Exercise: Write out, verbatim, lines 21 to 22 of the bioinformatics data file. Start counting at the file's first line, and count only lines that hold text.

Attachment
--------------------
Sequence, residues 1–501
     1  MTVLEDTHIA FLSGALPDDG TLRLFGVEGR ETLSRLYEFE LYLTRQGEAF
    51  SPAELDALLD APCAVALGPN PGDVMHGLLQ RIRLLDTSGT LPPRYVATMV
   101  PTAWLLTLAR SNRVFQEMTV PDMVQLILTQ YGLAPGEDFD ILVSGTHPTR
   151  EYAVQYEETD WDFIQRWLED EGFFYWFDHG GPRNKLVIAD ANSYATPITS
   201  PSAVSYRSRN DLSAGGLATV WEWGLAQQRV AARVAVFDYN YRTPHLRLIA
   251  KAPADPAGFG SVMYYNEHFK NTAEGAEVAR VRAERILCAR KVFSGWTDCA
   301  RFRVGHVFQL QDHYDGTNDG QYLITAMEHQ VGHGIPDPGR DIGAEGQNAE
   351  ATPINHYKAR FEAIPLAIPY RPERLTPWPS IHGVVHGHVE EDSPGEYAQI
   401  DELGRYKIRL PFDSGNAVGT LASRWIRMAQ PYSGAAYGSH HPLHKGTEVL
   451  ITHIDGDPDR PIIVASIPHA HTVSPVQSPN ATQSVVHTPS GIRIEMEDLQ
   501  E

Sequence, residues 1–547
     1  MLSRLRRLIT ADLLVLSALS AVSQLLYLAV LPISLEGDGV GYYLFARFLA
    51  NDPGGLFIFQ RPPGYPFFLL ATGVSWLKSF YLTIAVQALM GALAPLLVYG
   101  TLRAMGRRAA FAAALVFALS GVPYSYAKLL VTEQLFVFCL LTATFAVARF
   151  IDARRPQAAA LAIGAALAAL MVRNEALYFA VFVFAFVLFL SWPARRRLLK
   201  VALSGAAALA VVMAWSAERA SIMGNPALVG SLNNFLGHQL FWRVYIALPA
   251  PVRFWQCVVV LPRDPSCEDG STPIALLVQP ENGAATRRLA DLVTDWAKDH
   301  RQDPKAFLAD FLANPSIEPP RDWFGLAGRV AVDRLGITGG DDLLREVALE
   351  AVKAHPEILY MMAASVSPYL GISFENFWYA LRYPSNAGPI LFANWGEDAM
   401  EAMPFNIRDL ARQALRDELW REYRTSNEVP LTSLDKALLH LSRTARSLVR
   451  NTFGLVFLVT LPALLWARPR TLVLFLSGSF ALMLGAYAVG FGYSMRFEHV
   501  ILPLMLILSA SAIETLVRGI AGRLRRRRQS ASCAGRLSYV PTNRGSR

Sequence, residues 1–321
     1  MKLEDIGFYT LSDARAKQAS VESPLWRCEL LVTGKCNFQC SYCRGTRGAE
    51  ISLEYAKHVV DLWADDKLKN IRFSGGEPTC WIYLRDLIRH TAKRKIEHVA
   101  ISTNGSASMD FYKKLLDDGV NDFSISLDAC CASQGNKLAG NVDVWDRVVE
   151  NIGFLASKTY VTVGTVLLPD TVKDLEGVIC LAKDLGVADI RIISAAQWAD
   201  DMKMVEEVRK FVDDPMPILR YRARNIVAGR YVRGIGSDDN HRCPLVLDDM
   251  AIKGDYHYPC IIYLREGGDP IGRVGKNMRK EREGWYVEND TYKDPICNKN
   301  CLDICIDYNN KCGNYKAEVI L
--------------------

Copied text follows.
   351  AVKAHPEILY MMAASVSPYL GISFENFWYA LRYPSNAGPI LFANWGEDAM
   401  EAMPFNIRDL ARQALRDELW REYRTSNEVP LTSLDKALLH LSRTARSLVR